What better way to kick start a new album than a storming Glastonbury reception?
The Gods have always been on the Arctic Monkeys’ side. But now, perhaps, it seems that things have fallen into place more than ever for the Sheffield band’s latest album.
The Arctic Monkeys’ latest release, the plainly entitled AM, shows a band that’s matured in stature, sound, and has blended the neon from America’s West Coast with their gritty Sheffield roots.
You can still hear High Green chimes in the visceral Do I Wanna Know? in which lead singer Alex Turner sings – in his charismatically South Yorkshire style – ‘got summat in your teeth’ but elsewhere the album oozes seventies rock and and mid 90s vibes.
The album also features a guest comtribution from Queens of the Stone Age frontman Josh Homme, whose 30-second guitar piece was described by Turner as ‘really exciting’.
But this heavier contribution from one of metal’s most revered artists has not only affected the Arctic Monkeys’ shift from indie to rock and roll, it’s also influenced the way they operate as a band.
“Josh Homme’s become a good friend of ours and now he came down to have a listen and offer his input. I suppose in a way he influenced our attitude towards making records.
“After doing Humbug we thought we could make anything then. He was the one that made us see that whatever we make it will still sound like the Arctic Monkeys, as long as Al was singing it would still be us.
“He has his ways of doing things that no-one else could do or copy.”
“I think we’ve spent more and more time on every album concentrating on everyone’s individual part and the drums in this album came across as something we were really into. And in terms of how we wrote the parts – as well as what I was playing – we stripped everything back a bit and simplified it.”
Indeed, this is not disimilar to the way in which Led Zeppelin worked during the late sixties and seventies, particularly when it came to writing and recording drum parts.
“This is something I took from John Bonham,” says Matt Helders. “Some of thost exciting stuff he does in those records is when he leaves gaps.”
This retro philosophy is also heard in the production of the record.
“For us we always think of making records as if they are going to be heard on vinyl.”
But the album wasn’t easy to write, as Turner explains.
“There was a lot of sitting up on my own all night long battling with the puzzle this time – probably more than before”, he says.
“I had a dartboard in the back garden and I’d throw arrows as I’d sit there trying to write. There was definitely some symmetry in how the words were going and where the darts would land – a fair amount of missing the board altogether brought me the occasional treble 20.”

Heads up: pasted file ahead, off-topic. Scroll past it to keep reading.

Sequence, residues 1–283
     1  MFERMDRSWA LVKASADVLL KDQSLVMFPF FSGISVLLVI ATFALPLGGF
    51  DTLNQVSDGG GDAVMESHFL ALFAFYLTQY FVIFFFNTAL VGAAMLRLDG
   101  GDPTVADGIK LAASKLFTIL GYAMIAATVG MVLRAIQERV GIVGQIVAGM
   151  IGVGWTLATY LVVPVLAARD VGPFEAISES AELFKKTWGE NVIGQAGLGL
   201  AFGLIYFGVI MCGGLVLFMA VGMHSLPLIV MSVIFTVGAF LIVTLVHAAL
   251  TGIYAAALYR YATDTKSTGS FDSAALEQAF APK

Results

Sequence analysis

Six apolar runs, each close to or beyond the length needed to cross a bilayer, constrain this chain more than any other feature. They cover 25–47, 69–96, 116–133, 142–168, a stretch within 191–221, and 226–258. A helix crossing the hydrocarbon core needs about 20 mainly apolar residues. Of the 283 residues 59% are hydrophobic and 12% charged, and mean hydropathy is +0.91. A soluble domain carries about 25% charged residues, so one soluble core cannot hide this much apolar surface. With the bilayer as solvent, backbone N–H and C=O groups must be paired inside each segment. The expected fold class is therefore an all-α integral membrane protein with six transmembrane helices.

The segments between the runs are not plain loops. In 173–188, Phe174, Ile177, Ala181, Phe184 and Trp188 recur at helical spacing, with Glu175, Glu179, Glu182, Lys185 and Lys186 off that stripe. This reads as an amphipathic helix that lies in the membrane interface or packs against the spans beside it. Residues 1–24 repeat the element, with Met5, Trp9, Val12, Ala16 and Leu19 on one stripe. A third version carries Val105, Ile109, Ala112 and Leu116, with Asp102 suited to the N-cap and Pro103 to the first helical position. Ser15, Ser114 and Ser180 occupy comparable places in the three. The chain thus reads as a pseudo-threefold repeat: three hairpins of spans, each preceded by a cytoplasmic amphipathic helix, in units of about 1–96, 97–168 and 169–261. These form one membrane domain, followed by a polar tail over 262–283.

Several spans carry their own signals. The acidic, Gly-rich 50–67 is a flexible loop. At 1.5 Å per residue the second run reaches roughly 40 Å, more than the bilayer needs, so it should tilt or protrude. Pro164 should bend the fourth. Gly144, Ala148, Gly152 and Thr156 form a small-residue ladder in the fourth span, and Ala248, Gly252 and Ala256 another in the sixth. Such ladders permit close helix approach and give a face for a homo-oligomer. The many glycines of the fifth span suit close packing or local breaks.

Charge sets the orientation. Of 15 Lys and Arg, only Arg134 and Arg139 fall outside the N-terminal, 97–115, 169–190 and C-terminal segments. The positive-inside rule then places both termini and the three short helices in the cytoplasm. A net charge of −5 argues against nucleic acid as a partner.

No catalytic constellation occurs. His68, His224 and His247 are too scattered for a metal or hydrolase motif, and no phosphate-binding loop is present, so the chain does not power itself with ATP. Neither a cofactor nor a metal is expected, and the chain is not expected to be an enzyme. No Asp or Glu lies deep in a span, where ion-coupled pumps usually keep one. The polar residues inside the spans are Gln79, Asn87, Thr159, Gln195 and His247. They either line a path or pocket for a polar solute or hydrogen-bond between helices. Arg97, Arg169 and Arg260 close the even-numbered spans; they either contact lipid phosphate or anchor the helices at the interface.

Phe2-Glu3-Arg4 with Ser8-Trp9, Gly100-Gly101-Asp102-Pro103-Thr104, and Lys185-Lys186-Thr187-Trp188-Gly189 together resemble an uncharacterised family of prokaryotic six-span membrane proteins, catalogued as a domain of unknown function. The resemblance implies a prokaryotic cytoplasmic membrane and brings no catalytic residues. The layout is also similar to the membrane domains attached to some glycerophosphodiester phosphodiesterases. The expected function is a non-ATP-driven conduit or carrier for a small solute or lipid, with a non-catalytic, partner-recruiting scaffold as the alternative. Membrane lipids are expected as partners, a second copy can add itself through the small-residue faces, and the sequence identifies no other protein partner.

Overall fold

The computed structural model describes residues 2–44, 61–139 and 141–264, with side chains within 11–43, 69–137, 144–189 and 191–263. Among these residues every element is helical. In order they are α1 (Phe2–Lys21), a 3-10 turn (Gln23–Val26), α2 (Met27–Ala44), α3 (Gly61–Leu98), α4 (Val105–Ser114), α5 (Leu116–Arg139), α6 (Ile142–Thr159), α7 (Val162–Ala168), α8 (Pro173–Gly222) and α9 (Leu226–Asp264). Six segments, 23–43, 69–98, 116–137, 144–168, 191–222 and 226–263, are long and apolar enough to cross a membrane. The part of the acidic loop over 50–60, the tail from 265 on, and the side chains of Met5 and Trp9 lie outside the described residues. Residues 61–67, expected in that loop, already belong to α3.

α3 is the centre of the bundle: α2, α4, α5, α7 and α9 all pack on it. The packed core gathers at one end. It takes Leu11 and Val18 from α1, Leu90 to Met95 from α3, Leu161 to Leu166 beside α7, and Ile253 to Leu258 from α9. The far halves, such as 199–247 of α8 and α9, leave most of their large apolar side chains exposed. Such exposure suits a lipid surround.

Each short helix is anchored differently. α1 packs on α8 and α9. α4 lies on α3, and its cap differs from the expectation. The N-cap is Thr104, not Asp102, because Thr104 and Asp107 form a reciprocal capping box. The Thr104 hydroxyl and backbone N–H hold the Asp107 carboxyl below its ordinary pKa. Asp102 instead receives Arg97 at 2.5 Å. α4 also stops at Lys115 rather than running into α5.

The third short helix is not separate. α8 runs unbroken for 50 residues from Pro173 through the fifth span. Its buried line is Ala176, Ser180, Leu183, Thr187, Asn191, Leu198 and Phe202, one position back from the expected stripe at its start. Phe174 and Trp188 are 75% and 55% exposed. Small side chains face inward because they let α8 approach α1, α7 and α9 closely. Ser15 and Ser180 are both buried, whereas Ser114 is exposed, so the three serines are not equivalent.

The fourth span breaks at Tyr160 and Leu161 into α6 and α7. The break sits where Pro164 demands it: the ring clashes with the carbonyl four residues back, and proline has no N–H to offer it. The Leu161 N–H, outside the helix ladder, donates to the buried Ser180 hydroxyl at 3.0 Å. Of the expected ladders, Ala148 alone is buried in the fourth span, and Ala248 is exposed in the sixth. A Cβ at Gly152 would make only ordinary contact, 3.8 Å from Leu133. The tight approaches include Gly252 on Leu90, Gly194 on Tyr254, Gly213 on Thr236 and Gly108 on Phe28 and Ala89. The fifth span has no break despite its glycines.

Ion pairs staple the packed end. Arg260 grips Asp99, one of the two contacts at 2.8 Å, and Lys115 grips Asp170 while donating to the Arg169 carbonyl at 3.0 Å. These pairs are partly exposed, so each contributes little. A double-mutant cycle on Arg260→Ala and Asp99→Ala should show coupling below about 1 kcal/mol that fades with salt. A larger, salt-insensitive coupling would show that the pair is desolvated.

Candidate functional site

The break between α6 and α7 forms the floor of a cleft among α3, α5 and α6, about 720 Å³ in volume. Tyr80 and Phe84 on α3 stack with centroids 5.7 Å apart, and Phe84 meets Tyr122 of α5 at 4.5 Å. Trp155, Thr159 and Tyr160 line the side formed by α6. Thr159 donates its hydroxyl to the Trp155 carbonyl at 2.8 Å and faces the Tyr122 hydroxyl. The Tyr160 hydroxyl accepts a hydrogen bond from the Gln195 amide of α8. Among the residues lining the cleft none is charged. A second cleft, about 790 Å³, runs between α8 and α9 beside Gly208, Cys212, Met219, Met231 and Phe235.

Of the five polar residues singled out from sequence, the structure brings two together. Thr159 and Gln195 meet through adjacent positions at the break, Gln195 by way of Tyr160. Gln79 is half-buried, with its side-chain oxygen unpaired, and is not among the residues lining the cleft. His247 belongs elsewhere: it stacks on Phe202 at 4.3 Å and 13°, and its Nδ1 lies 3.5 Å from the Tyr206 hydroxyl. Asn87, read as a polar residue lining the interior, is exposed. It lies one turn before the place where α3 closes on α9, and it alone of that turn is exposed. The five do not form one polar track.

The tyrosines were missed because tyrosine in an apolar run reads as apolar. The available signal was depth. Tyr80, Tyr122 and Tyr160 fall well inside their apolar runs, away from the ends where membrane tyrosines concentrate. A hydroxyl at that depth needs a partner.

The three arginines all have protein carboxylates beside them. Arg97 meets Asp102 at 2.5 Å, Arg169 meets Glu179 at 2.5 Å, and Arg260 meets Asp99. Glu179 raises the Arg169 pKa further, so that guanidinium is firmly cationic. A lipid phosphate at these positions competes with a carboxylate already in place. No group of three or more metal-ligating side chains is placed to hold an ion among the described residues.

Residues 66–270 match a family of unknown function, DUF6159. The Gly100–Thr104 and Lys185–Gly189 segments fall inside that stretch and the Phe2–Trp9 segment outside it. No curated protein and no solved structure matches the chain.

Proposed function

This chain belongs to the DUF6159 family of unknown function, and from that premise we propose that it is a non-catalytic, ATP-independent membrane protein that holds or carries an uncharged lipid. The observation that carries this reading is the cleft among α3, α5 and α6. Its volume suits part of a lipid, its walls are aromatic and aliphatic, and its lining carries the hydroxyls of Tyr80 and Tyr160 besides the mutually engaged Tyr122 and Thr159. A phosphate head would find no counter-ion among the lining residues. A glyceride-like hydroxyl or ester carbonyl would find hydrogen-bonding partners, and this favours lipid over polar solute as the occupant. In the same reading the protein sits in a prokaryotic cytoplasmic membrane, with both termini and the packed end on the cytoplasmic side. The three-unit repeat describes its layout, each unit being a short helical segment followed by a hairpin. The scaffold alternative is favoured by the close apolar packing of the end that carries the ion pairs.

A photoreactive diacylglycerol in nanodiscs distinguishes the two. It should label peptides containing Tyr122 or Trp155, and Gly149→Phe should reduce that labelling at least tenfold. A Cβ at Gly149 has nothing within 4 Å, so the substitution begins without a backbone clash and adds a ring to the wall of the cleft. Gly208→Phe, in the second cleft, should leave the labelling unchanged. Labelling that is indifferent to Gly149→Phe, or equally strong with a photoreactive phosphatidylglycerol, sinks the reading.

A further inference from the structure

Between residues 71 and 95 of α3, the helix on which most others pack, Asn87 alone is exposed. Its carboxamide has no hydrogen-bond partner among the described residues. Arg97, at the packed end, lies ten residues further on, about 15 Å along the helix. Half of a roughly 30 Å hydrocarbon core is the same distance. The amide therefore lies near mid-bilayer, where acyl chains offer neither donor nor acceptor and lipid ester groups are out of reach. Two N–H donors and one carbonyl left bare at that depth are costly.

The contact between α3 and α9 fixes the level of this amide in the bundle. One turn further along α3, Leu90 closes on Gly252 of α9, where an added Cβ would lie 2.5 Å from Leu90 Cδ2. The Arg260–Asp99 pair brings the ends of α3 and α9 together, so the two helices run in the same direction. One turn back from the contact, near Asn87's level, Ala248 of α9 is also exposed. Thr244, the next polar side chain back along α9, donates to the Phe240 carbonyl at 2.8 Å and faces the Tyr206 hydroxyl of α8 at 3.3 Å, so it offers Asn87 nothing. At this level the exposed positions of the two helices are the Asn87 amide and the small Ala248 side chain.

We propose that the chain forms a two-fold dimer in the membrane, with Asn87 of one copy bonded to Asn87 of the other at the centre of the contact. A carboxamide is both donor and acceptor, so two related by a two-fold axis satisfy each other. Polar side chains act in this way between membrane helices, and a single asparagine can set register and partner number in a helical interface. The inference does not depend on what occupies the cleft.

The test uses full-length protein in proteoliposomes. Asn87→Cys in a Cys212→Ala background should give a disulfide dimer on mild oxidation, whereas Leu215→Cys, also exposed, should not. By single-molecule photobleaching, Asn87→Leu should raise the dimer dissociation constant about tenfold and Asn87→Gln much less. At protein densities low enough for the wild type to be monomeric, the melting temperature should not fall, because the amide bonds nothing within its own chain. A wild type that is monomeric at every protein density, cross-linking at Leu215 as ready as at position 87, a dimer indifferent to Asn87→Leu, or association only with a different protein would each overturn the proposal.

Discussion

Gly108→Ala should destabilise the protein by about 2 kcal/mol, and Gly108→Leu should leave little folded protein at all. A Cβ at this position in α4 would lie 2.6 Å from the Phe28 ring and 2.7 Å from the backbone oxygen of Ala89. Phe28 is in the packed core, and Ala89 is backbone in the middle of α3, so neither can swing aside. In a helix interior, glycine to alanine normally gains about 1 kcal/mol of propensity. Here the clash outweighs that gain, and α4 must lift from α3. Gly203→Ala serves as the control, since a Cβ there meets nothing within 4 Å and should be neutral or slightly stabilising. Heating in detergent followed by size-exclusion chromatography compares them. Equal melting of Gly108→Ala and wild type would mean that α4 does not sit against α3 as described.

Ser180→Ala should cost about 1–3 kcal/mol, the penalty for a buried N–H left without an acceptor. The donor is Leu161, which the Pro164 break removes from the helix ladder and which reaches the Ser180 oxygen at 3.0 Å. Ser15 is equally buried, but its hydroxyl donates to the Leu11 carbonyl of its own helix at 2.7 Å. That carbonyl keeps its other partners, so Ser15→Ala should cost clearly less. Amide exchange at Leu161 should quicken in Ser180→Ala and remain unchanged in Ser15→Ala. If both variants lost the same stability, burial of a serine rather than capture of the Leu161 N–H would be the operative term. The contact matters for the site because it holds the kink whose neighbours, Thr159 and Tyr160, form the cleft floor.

Songs went through several layers of refinement as well, as Helders explains.
“All songs on this record have all got three or four versions before the final one. We were never content with the first attempt. Lyrically [Alex Turner’s] a bit like that as well. There are things he’s written where a few weeks later he’ll say ‘I wish I hadn’t written that’ so he tried to avoid that.”
AM was recorded in a small East Hollywood studio with producer James Ford and Sheffield-based producer Ross Orton. Helders says: “We’ve worked with James ford before and Ross Orton co-produced all of the album. He was out in LA with us. Ross recorded R U Mine? and that was the song that got the momentum going on the album.”
It’s not only Ross Orton that the band’s recruited from Sheffield. They’ve also pulled in Sheffield’s Dead Sons guitarist Tom Rowley to play during live shows.
Helders says: “There was a lot more layers to this show and we put keys on there too.
“We’ve always been precious – definitely on the first two albums – about making it sound like just us four and if it can’t be played live tomorrow it shouldn’t happen. But now we’re more into making records and the fun side of it is making the best record we can.”
The Arctics Monkeys’ rise to fame was fast. The band released their first album, Whatever People Say I Am, That’s What I’m Not in 2006, which is the fastest-selling debut album in the UK ever.
The band very quickly set a very high precedent. But inspite of this, Helders says they don’t feel the pressure when writing new material.
“I think the only way we can make sense of it is that we had to do it that quickly before we got caught up in it all. We went straight into making another record. We lived with that first record more than anyone else had but from first to second people know how long you’ve been working on it. But the first one you could have been doing it all your life. I think that’s where people expect the pressure to come from.”
And while the album’s about to hit the shelves, the band haven’t time to rest their laurels yet. Arctic Monkeys are preparing for a UK tour this autumn, with a very special homecoming show at Sheffield’s Motorpoint Arena.